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Feeding anything other than "the usual" causes all sorts of problems for Cobber, so it's my own fault for trying to add even a few bites of frozen pre-made raw product (I did thaw the bites and added them instead of the usual spoonful of canned as a topper to his kibble). He gets pumpkin in every meal -- I can only imagine how much worse the diarrhea would've been had I not included pumpkin with the kibble-n-raw-bites meal.

Anyway, I'm still not sure about switching. I see the benefits for many people and their dogs, but I also see how kibble is much easier. What would I put in his food puzzle ball? What treats are okay? And I still have a major hang-up to him taking a piece of raw chicken onto my couch. So if I do go raw, I will do it cold-turkey ;) and not till spring when I can feed outside on the back porch. I'll give it a good amount of time so he can adjust and then make a decision. He poops so dang much now (even when diarrhea's not an issue) that one of the major appeals of raw is reducing the poop factor. I don't feel I overfeed him in the least (he gets dinner as an only meal and then a small handful of kibble in a puzzle ball in the morning), but he goes once first thing, again later in the morning, and at least once more in the afternoon. Seems like a lot, and it gets seriously worse if I make any changes or additions to the diet at all.

Anyway, I appreciate all the answers. His intestines are so frickin' sensitive. We were out walking two days ago, he got something in his mouth and swallowed it before I could intervene, and that night he had me up twice while he pooped it all out, whatever it was. Even finding and swallowing one french fry on the ground one time last winter had him up all night.

So for those of you w/sensitive-stomach dogs who eat raw, what do you give as treats? What about if the dog needs to be somewhere else for awhile (boarding or traveling or staying with a friend who isn't into raw)? Is the freeze-dried raw stuff really an okay interim product?

Thanks! Sorry for my wishy-washyness :) I keep saying this, but I've never had a dog like Cobber. All my other dogs were fine with pretty much anything I fed them and were more than able to hold it all in and let me know when it was time to go out (and poop about once a day). Cobber's just "special" :D and that has me 2nd-guessing my decisions and overthinking things a LOT... in case you haven't already noticed.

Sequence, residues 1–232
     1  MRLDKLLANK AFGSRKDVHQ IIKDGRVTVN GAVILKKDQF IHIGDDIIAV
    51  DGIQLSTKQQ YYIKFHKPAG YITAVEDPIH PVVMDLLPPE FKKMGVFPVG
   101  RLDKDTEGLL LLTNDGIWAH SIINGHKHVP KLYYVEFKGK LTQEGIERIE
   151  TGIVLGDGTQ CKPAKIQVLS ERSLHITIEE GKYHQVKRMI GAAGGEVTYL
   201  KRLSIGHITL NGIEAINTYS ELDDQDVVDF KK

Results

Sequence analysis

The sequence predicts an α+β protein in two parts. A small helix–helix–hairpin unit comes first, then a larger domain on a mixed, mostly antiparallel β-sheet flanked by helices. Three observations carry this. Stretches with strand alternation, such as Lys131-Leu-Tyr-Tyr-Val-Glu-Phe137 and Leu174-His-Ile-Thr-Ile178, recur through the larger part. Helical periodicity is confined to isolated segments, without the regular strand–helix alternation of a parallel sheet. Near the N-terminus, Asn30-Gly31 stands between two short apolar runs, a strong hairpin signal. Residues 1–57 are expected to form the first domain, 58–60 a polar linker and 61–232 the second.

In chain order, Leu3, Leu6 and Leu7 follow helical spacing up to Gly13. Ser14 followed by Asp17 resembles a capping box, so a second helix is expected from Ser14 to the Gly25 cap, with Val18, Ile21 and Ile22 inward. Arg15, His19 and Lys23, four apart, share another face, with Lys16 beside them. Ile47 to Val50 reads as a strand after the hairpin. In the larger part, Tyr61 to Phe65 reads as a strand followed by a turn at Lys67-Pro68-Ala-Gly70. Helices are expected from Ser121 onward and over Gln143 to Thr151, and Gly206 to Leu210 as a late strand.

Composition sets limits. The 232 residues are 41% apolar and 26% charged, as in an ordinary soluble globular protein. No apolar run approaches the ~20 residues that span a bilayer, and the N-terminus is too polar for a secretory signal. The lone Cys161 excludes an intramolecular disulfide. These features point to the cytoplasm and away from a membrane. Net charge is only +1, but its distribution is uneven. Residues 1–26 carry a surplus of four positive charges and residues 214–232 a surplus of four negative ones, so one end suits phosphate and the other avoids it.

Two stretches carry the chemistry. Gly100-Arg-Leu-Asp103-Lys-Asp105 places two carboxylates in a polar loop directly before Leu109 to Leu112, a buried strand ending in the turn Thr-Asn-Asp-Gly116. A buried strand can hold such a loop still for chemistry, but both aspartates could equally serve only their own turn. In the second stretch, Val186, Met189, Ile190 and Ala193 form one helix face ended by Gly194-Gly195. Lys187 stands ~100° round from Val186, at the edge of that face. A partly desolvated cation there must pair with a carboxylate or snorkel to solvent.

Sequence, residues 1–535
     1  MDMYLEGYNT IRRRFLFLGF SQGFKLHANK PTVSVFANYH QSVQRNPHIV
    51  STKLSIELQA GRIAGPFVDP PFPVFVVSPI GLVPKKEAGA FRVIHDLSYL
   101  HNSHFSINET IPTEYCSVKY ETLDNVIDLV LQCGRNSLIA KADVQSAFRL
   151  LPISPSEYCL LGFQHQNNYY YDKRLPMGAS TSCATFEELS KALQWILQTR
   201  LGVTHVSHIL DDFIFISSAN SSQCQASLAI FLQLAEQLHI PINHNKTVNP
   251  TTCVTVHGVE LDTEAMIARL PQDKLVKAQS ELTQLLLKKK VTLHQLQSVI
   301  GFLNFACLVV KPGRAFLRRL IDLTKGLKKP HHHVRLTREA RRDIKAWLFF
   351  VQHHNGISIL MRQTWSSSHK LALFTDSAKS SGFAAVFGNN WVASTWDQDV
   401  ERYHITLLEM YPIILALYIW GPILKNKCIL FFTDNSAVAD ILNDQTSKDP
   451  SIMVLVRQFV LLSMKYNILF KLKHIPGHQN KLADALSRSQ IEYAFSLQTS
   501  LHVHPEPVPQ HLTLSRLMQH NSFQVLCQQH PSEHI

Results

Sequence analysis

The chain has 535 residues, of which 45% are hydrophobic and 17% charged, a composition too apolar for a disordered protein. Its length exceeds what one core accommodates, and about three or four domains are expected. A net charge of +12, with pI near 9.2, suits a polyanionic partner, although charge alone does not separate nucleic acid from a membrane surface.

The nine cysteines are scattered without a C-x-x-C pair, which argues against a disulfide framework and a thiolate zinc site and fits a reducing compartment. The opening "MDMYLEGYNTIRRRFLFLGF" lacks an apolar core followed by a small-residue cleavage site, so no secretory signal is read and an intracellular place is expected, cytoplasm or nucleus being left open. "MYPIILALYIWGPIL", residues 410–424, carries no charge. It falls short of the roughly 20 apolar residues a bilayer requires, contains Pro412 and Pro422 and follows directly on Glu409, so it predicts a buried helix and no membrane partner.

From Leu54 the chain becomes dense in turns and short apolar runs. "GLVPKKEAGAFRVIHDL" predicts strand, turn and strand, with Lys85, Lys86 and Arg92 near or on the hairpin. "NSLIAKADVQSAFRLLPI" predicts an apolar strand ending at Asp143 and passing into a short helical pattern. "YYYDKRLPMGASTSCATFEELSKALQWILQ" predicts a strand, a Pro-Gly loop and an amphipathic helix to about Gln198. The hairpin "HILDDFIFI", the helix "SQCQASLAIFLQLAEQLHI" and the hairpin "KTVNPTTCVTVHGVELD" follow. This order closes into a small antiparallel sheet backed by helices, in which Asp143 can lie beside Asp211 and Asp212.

As far as where to feed, have a specific place for meals, and teach him to eat there. It can be on a towel, in a crate, specific place on kitchen floor, etc... Mine all have their own places to eat. I let them pick them themselves, and they are all acceptable places. Not on furniture, etc... All I say "ready to eat"? And they all go to their spot. Two go to the back door to go out to their spots on the deck, one behind the kitchen sink, and one beside the pantry.

I haven't traveled with mine, but I know some who have. If they take the dogs, they pack a cooler with frozen meat, usually chicken quarters. It thaws just enough by feeding time, but not enough to smell yuck to people. They stop at a walmart along the way to refill when needed.

If someone is feeding for them at the house, they have the food ready in ziplock bags. All the person has to do is dump the food out and never touch it.

Treats I give are dehydrated boneless meats and organs. I make them myself, so it stays along with the diet and I know what they are getting.

Feeding raw (true raw, not commercial premade) is really easy to do, it just takes dedication.
 

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CM, if your dog really does have health issues that could be aided by a raw diet, I would hate to see you put off giving it a try. You should know if it is going to help by 3 to 4 weeks in (though not sure what the issues are).

It is totally reasonable to feed half of the diet raw (say breakfast), and the other half kibble (dinner), just not a good idea at the same time (if only to keep track of reactions). I fed my dog like that for a year with no issues at all. You will get most of the health benefits from raw that way, but always have kibble as a fall back.

If preparation and balancing is an issue, you could still keep it simple with something like Primal frozen grinds, that just have the meat, organ and bone in the right proportion. All you would have to do is thaw it out, portion it (say 2 oz. in a baggie) and refreeze it. Or try just giving a small piece of raw meat 2-3 times per week at one meal. It doesn't have to be a big deal with the fasting, preparation and all-or-nothing techniques, you can ease into it at your own pace.